Tuesday, October 7, 2008

A Few New Recommendations

If you are looking for something new to read or gift, here are a few suggestions

For fans of historical fiction:


David Ebershoff's   19th Wife will intrigue fans of "Big Love," as it tells the story of Brigham Young's young wife (#19) and at the same time has a contemporary plot featuring a "closed" community where present day polygamists (think Warren Jeffs here)  practice their beliefs.  Well written and a fascinating  jaunt through the history of the Church of Latter Day Saints and the impact of polygamy on families - especially the women
 and children.

 by Heather Terrell 

Were the Chinese the first to circumnavigate the globe? Did the emperor send ships under the famous Admiral Zheng to explore, map and  bring riches  back to  him? This is the fictional tale of a young mapmaker and his long journey... a tale worthy of Marco Polo. It's also a history of China in the 1420's, the Forbidden City, the world of palace intrigue, and a young man's gift to his family of his manhood and happiness so he may enter the gates of the Forbidden City, learn  mapmaking and  navigational skills. As a eunuch his status, salary, etc. elevate his family  although he has lost the woman he loved.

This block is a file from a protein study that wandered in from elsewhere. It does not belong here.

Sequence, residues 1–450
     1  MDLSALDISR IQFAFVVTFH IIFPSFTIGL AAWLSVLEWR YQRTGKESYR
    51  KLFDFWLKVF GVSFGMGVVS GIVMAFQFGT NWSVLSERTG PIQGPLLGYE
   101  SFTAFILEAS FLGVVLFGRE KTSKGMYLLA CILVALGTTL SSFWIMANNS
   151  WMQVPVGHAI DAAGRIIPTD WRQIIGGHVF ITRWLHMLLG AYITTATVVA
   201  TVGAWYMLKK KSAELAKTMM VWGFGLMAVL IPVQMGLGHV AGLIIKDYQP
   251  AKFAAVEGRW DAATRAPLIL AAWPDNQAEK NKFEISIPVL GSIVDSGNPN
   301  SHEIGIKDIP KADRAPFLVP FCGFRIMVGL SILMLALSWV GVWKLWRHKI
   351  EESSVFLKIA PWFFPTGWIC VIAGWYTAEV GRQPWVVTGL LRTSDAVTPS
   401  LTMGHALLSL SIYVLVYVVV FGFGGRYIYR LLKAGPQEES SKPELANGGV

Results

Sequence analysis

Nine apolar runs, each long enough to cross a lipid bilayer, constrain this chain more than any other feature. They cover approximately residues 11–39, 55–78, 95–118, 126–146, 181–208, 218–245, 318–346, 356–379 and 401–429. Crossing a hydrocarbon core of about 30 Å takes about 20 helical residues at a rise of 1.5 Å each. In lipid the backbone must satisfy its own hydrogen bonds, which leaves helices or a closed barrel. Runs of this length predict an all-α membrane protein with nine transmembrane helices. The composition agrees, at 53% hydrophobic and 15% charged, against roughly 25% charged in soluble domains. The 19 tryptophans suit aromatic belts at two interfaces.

While this story alone would make the book -- there is much more. In the present day a young woman owns a  rather unique company that  negotiates and retrieves stolen artifacts, art, etc.  A request to find a Chinese map from the 1400's stolen from an archaeological dig  is rather unusual since the person who is paying her has not told her the full truth about the very unique map. Seems everyone wants it too so now we have a little suspense and danger.

And that is why there is a third story taking place in the book that traces the story of the  Portugese explorer most school age children can name with ease because he was the one  who first circumnavigated the globe --- Vasco deGama. In the late 1400's he made this trip under Portugal's banner but this books speculates that he had a secret -  the Chinese map that made his trip possible. Perhaps our teachers were wrong? 

Characters both historical and imaginary paint portraits of times and places so real that you can t hear the waves, taste the salt and visualize the map.  Chances are you won't be able to put it down for long and you'll be caught up in each of the three stories and how they tie together. Great read .